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Assessment of plant biomass and nitrogen nutrition with plant height in early-to mid-season corn

Authors

  • Xinhua Yin,

    Corresponding author
    1. Department of Plant Sciences, The University of Tennessee, 605 Airways Boulevard, Jackson, TN 38301, USA
    • Department of Plant Sciences, The University of Tennessee, 605 Airways Boulevard, Jackson, TN 38301, USA.
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  • Robert M Hayes,

    1. West Tennessee Research and Education Center, The University of Tennessee, 605 Airways Boulevard, Jackson, TN 38301, USA
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  • M Angela McClure,

    1. Department of Plant Sciences, The University of Tennessee, 605 Airways Boulevard, Jackson, TN 38301, USA
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  • Hubert J Savoy

    1. Department of Biosystems Engineering and Soil Science, The University of Tennessee, 2506 E.J. Chapman Drive, Knoxville, TN 37996, USA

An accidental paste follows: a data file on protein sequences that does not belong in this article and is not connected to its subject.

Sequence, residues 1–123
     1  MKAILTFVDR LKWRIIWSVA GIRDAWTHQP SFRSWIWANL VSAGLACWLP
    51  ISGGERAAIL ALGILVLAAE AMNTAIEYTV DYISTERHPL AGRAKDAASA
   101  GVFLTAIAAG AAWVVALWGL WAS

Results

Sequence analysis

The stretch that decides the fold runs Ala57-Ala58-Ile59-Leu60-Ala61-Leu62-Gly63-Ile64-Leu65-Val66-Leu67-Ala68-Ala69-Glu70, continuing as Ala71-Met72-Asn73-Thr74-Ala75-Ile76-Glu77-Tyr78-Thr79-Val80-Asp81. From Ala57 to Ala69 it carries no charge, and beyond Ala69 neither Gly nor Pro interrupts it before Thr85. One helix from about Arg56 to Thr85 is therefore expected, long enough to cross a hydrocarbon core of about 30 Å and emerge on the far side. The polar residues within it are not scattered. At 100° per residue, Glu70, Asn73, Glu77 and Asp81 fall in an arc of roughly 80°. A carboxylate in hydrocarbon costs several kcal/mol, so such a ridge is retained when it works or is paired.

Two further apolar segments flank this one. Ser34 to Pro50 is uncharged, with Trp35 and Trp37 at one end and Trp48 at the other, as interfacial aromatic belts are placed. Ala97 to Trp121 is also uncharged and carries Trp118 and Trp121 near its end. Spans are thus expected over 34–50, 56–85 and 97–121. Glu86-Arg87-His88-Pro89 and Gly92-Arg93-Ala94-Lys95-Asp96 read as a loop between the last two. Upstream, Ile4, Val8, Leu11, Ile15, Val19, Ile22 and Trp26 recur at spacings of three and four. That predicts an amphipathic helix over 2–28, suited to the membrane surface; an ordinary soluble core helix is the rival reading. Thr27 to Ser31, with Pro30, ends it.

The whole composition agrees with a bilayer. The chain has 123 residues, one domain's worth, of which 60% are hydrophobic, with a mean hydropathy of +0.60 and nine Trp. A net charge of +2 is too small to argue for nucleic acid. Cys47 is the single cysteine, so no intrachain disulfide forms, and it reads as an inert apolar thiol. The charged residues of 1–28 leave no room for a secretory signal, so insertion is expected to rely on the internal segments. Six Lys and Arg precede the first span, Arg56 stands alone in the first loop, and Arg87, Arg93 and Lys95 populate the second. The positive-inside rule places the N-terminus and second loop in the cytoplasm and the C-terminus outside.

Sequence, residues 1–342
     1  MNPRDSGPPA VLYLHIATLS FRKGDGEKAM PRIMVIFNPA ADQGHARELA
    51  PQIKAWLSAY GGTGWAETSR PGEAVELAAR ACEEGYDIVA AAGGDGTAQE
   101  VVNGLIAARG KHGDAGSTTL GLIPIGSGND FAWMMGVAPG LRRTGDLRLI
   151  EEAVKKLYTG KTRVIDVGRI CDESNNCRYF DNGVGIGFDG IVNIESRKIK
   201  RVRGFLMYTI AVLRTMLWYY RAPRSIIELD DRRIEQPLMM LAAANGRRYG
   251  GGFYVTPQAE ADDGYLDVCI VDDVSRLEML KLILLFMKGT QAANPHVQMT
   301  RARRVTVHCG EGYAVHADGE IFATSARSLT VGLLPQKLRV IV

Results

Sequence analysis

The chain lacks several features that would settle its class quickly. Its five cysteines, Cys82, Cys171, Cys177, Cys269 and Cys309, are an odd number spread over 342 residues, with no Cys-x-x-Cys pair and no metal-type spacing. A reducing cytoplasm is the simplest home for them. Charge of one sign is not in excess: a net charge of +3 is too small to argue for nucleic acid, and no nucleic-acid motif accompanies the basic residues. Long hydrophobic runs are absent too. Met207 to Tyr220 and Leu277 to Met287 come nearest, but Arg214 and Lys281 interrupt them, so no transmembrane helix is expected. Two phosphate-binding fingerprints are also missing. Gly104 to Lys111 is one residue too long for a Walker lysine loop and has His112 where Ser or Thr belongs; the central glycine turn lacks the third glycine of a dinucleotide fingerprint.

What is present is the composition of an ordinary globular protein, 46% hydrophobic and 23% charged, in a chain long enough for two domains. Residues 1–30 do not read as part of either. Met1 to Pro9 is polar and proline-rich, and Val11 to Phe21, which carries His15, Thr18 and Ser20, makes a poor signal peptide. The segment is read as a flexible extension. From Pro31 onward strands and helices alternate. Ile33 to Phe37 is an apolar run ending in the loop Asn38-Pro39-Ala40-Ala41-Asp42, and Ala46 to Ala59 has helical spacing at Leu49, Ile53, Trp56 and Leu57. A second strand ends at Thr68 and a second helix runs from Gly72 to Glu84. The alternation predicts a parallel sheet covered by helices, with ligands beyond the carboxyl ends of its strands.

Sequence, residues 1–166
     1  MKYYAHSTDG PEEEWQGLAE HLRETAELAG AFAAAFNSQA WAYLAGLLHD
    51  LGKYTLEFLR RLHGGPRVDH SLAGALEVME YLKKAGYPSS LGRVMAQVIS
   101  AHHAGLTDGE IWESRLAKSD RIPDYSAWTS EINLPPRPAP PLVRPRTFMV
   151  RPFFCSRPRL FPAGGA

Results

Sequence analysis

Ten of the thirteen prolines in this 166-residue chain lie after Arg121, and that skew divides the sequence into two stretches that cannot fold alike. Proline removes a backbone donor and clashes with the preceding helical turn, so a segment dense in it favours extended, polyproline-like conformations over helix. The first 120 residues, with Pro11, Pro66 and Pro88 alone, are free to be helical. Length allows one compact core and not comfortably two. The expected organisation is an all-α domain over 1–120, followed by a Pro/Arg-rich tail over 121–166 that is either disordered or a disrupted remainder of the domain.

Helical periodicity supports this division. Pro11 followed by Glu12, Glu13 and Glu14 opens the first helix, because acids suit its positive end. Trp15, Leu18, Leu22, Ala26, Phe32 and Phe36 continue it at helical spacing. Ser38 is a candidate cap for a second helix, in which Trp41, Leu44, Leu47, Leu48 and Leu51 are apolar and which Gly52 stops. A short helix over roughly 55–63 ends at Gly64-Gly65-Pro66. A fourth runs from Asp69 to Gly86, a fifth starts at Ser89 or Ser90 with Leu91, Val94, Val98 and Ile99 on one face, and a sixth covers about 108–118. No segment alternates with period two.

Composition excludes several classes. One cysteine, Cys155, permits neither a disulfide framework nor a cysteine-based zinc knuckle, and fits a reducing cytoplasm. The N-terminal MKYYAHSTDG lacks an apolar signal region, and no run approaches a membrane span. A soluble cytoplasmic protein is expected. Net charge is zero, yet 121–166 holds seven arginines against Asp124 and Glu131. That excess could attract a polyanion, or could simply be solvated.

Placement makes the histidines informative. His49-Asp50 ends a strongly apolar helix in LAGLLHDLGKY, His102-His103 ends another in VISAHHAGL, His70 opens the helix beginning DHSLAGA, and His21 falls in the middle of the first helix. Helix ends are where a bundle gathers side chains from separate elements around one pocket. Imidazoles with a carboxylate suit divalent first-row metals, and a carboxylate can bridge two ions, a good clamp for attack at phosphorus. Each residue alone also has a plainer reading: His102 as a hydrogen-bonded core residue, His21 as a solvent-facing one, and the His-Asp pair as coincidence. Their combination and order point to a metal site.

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Abstract

BACKGROUND: The physiological basis for using non-destructive high-resolution measurements of plant height through plant height sensing to guide variable-rate nitrogen (N) applications on corn (Zea mays L.) during early (six-leaf growth stage, V6) to mid (V12) season is largely unknown. This study was conducted to assess the relationships of plant biomass and leaf N with plant height in early- to mid-season corn under six different N rate treatments.

RESULTS: Corn plant biomass was significantly and positively related to plant height under an exponential model when both were measured at V6. This relationship explained 62–78% of the variations in corn biomass production. Leaf N concentration was, in general, significantly and positively related to plant height when both were measured at V6, V8, V10 and V12. This relationship became stronger as the growing season progressed from V6 to V12. The relationship of leaf N with plant height in early- to mid-season corn was affected by initial soil N fertility and abnormal weather conditions.

CONCLUSION: The relationship of leaf N concentration with plant height may provide a physiological basis for using plant height sensing to guide variable-rate N applications on corn. Copyright © 2012 Society of Chemical Industry

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